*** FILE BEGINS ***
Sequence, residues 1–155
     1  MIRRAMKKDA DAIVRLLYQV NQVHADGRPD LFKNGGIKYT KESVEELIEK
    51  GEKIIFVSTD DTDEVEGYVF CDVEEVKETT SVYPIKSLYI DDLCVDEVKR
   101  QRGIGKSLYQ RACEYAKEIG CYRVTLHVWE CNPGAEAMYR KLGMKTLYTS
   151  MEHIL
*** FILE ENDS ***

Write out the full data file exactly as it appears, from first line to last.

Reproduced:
Sequence, residues 1–155
     1  MIRRAMKKDA DAIVRLLYQV NQVHADGRPD LFKNGGIKYT KESVEELIEK
    51  GEKIIFVSTD DTDEVEGYVF CDVEEVKETT SVYPIKSLYI DDLCVDEVKR
   101  QRGIGKSLYQ RACEYAKEIG CYRVTLHVWE CNPGAEAMYR KLGMKTLYTS
   151  MEHIL